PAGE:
Another interesting observation from Brooks

Just to get the morning started, check out David Brooks today in The Times:

The Wal-Mart Hippies
By DAVID BROOKS
Published: March 5, 2010
The Tea Party’s raging against the machine echoes an older radicalism from the opposite end of the political spectrum.
Excerpt:

“But the Tea Partiers are closer to the New Left. They don’t seek to form a counter-establishment because they don’t believe in establishments or in authority structures. They believe in the spontaneous uprising of participatory democracy. They believe in mass action and the politics of barricades, not in structure and organization. As one activist put it recently on a Tea Party blog: “We reject the idea that the Tea Party Movement is ‘led’ by anyone other than the millions of average citizens who make it up.”

I’m fascinated by the way we insist on labeling ourselves and each other.  We obsessed with fitting people into groups and making sure we know how to compare/contrast our culture. It’s also interesting how the labels liberal and conservative have stuck with certain groups but the groups have moved beyond the true liberal/conservative definitions.  Conservatives are now looking for radical change and liberals are now hoping for continued, determined progress.  Funny how things change.  Once again, I appreciate Brooks’ perspective and ability to bring interesting discussion to the forefront.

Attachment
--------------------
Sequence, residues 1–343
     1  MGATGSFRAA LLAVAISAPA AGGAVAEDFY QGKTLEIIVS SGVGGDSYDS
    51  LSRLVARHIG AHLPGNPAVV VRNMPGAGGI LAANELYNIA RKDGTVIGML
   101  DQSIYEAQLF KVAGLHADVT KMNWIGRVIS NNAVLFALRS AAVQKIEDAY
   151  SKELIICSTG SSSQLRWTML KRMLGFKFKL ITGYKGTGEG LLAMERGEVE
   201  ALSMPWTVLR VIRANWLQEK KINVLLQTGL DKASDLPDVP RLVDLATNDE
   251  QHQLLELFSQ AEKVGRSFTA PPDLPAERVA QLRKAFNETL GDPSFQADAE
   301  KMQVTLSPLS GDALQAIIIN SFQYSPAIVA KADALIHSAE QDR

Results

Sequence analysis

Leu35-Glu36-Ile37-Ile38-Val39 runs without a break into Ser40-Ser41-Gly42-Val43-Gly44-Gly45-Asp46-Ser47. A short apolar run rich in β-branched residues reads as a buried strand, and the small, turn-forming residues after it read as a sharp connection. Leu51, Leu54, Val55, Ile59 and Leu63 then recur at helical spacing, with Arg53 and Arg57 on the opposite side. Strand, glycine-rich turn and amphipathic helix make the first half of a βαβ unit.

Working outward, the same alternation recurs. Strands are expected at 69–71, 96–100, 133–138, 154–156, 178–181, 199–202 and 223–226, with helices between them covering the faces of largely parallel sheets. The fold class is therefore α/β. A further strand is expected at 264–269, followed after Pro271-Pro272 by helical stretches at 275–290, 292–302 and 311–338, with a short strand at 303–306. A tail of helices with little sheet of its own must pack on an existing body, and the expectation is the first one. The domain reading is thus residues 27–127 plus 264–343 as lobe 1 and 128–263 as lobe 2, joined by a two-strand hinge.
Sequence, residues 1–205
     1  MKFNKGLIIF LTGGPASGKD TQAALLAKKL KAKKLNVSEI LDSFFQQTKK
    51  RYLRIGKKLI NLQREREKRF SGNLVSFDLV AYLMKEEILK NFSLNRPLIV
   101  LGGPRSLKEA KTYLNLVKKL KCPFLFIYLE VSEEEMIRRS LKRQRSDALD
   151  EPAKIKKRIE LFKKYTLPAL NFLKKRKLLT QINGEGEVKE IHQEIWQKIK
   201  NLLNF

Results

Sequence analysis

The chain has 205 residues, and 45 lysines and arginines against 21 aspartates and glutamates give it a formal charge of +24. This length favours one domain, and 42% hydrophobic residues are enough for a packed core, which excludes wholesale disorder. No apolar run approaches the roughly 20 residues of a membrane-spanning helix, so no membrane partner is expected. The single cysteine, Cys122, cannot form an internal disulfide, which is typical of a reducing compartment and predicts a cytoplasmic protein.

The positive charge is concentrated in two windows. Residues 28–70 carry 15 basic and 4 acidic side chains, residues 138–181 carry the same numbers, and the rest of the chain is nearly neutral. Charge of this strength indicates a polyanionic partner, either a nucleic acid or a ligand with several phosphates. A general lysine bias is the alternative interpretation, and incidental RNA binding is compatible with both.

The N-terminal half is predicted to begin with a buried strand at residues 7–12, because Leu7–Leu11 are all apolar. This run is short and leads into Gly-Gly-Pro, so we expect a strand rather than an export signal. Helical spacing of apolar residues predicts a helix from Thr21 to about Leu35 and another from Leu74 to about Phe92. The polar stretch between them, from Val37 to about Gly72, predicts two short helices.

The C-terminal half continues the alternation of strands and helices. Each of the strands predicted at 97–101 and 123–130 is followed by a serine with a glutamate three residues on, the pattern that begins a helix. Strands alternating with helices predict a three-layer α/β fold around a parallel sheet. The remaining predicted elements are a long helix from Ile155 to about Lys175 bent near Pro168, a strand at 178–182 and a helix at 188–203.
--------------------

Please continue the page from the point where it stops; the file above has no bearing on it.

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One response to “Another interesting observation from Brooks

  1. My friend Harleigh made an interesting comment about the Brooks’ piece. She observed that motivations of the two groups highlighted appear to be different. She said and I seem to agree that the basis of the Left’s social movement of the late 60’s was a demonstrated interest against abuse of power creating social injustice. There was a social good element. In her mind, the Tea Partiers have a much more selfish and pragmatic approach. Quote: “They are attacking the man to keep their money…” and I don’t think she’ll mind my noting that here.

    I thought it was worthwhile exploring and thinking about. Are fiscal conservatives and Tea Partiers inherently selfish? Granted, they believe society including our overall economy will benefit from their worldview. That’s worth noting.

    Nevertheless, this comparison, as with most things, boils down the question to one of fundamental motivations.

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